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Try getting into Bar Dynamite in black Dickies

Three poems by Matt Phillips

Matt Phillips won the Zócalo Public Square poetry prize
Matt Phillips won the Zócalo Public Square poetry prize

Work History

  • Bartender’s malaise in my mid-twenties; I smothered
  • fruit flies with cocktail napkins. Sitting at a trolley stop
  • near Little Italy, thinking about City College — graffiti
  • scrawled like Arabic on the sidewalk — I watched sailboats
  • skirt the embarcadero, tourists pry bubble gum from palm
  • tree sandals. Try getting into Bar Dynamite in black Dickies
  • and steel-toed boots, your hands rotting with sanitizer, tequila
  • and sweet and sour mix. Wait in a long line with Shane for Air
  • Conditioned Lounge, pop tall Budweiser cans and grin as
  • bouncers deny you entry. You think you want to make a life
  • for yourself, but you find lines and doors, scrawled messages
  • on the street — you find null paychecks and happy hour, coffee
  • shops on your off-days. Give me Lorca and thin mint cigarettes,
  • give me salt for my lips, a yellowtail taco on Washington —
  • humble wants in this city, its lopsided and too few bridges.

Hear One of Us

  • Sink twice —
  • two old boats in two vast seas.
  • — Broken left thumb.
  • — White Chevy pickup truck.
  • My name? You say.
  • You say, find thirty used cigarettes
  • in a Tiffany vase. Find a voice
  • in my sister’s head. Find
  • bruises on a thigh, checkered patterns
  • below a blue-tiled sky. Who are we?
  • You say. You say,
  • hear it in the mornings (the voice). Hear it
  • while coyotes sing, while the mirror
  • — split purple lips,
  • — dark eye sockets,
  • my two faces in two glass seas
  • — whispers my sister twice, always (my sister) twice.

On This Avenue

  • barbers gab about neck tattoos and pomade, flip slant-eyed gazes at a brunette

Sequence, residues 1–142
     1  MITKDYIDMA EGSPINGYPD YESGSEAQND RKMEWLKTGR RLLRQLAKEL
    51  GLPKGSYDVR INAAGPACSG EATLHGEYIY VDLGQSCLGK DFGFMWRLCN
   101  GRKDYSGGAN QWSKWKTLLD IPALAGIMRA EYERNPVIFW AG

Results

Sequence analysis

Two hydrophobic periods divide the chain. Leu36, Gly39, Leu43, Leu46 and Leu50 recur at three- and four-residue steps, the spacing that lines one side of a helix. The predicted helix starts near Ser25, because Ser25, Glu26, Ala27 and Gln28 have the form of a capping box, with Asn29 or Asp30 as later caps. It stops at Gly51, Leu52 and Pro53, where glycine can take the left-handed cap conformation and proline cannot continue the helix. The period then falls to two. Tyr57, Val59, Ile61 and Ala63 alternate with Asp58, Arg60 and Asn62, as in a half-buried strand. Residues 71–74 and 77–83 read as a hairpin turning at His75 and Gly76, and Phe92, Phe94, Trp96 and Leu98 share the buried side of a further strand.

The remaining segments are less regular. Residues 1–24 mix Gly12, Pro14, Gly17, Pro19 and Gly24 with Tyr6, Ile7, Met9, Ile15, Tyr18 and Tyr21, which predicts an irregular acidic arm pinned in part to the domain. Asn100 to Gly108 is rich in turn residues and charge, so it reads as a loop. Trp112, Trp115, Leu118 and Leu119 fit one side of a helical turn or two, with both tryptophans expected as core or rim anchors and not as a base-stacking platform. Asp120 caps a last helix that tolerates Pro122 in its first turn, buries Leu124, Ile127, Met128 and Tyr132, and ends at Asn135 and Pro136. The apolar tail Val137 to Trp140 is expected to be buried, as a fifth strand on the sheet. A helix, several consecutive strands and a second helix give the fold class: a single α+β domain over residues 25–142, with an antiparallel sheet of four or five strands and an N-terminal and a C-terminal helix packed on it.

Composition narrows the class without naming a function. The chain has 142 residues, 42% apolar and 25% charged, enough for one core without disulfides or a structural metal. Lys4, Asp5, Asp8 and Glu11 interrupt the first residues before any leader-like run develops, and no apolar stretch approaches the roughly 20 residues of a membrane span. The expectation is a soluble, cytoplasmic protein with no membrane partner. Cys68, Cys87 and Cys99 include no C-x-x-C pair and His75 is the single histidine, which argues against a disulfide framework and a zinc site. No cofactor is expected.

• thumbing the throttle on a pretty little Honda, a gold-flecked café racer
  • her ex-boyfriend bought on an El Cajon corner.
  • Tacos al pastor wafts unseen from alongside a hardware store, smothers
  • Rico’s used cars — Rico knows credit! — in a lunchtime sweat: Mateo says
  • he comes from money, homie, but it got lost
  • when he crossed the border. Like shadows
  • and the Lord’s Prayer, he left it somewhere between two cities —
  • the money is buried in a tunnel he’s forgotten. Mateo says
  • he lives on homemade tortillas and tips, a little tamale now and then.
  • I’m laughing, asking him to deepen my fade, taper to my chin
  • while I open a free Tecate and cherish the brunette’s tan thighs
  • clutching the Honda like it’s a colt. There are skateboard decks nailed to the wall,
  • an old poster from a movie called The Warriors: I think about the girl’s
  • apartment, a one-bedroom filled with sea air and sand dollars, her gold-flecked Honda
  • near the stairs. Mateo lifts a straight-razor to my neck, pulls me from my dream—
  • he says we’re all northless,
  • that even this haircut costs us nothing.

Matt Phillips lives in Normal Heights. His poems have appeared or are forthcoming in Rio Grande Review, Haggard and Halloo, Change Seven Magazine, Apeiron Review, and I-70 Review. In 2016, his poem “Crossing Coronado Bridge” won the Zócalo Public Square poetry prize. He studied creative writing and literature at the University of Texas-El Paso.